New way of using DNA to kill cancer cells could pave the way for a cure, scientists say
- University of Tokyo scientists may have paved a way to use DNA to cure cancer
- Study author Professor Akimitsu Okamoto says their research is ‘good news’
- It uses a hair clip shaped, cancer-killing DNA, which is injected into cancer cells
A new way of using DNA to kill cancer cells which could pave the way for a cure for the disease has been created by scientists.
Professor Akimitsu Okamoto from the University of Tokyo and an author of the study, has said the research is ‘good news’ and will open up new options for cancer treatments.
The method targets human cervical cancer and breast cancer-derived cells, as well as malignant melanoma cells in mice.
It uses a pair of hair clip shaped, cancer-killing DNA which are injected into cancer cells.
Professor Akimitsu Okamoto (pictured) from the University of Tokyo, has a new way of using DNA to kill cancer cells which could pave the way for a cure said the research is ‘good news’ and will open up new options for cancer treatments
The method created by scientists at the University of Tokyo (pictured) targets human cervical cancer and breast cancer-derived cells, as well as malignant melanoma cells in mice
When they were injected into them, they connected to molecules called microRNA which are overproduced in certain cancers.
Once connected to the microRNA they unravelled and formed longer chains of DNA which created an immune response.
The immune system recognised the overproduced microRNA cells as dangerous, which activated a natural immune response which killed the cancer cells.
The Japanese research team say their method is different from existing ones and could herald in a new era of breakthrough cancer drugs.
Prof Okamoto said: ‘The results of this study are good news for doctors, drug discovery researchers and cancer patients, as we believe it will give them new options for drug development and medication policies.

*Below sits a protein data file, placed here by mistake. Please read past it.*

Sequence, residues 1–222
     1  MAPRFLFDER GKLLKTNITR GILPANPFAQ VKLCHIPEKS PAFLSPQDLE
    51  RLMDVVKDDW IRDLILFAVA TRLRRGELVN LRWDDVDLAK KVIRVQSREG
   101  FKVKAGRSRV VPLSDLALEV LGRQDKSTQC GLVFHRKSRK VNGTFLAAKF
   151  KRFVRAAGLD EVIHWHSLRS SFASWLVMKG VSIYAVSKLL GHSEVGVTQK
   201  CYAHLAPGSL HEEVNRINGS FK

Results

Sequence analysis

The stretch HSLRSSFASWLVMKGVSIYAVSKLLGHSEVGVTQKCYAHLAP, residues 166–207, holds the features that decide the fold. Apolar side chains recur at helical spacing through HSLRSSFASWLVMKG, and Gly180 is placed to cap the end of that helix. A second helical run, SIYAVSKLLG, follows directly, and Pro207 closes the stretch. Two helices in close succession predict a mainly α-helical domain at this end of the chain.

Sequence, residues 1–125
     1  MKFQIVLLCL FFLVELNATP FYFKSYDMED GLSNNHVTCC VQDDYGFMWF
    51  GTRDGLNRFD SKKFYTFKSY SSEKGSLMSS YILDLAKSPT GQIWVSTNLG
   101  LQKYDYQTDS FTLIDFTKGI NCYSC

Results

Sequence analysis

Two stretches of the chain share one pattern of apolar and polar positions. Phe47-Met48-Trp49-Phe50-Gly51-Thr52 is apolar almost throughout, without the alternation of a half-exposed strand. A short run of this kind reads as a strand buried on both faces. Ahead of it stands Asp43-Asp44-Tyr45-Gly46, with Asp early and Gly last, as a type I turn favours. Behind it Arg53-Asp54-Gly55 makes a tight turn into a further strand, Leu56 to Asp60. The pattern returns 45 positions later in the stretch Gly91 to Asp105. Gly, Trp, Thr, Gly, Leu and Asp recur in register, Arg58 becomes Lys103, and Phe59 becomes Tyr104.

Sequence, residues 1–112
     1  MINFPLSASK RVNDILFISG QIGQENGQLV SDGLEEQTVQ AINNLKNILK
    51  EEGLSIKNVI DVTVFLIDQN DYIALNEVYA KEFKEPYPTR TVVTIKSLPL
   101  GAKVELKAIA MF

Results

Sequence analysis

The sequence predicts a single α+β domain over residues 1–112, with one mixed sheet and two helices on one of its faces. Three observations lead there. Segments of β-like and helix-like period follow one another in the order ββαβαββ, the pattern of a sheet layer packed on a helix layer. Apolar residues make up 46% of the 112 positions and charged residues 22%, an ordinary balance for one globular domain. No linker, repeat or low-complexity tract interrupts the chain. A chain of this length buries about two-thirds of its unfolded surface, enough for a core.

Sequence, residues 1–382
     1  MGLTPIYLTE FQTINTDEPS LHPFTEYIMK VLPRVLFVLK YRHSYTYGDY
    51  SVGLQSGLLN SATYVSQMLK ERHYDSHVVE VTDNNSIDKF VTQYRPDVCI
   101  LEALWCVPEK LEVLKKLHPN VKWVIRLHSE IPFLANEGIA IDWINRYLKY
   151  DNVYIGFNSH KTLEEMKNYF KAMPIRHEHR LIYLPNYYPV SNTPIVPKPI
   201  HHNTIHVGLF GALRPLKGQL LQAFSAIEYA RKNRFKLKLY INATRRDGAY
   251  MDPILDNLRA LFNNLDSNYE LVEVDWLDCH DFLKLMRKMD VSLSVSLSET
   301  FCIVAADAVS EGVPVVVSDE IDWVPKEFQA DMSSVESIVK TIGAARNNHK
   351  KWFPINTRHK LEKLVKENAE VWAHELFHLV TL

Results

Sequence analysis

‘Next, we will aim for drug discovery based on the results of this research, and examine in detail the drug efficacy, toxicity and potential administration methods.’
He added: ‘We thought that if we can create new drugs that work by a different mechanism of action from that of conventional drugs, they may be effective against cancers that have been untreatable up to now’
The new cancer research uses a pair of hair clip shaped, cancer-killing DNA which are injected into cancer cells
Cancer is sadly a familiar health concern and existing ways of treating it have their limitations, however drugs based on DNA and RNA are expected to help scientists eventually beat it.
This is because DNA and RNA are vital information-carrying molecules that can control the biological function of cells.
They are expected to transform the future of medicine and help cure other hard to treat illnesses caused by viruses and genetic diseases.
Using DNA and RNA to treat cancers has been difficult because it is hard to get them to differentiate between cancerous and healthy cells.
This means a patient’s immune system can be adversely effected if healthy cells are attacked.
However, this was the first time scientists were able to develop a hairpin-shaped DNA strand that can activate a natural immune response to target and kill specific cancerous cells.
The findings were published in the Journal of the American Chemical Society.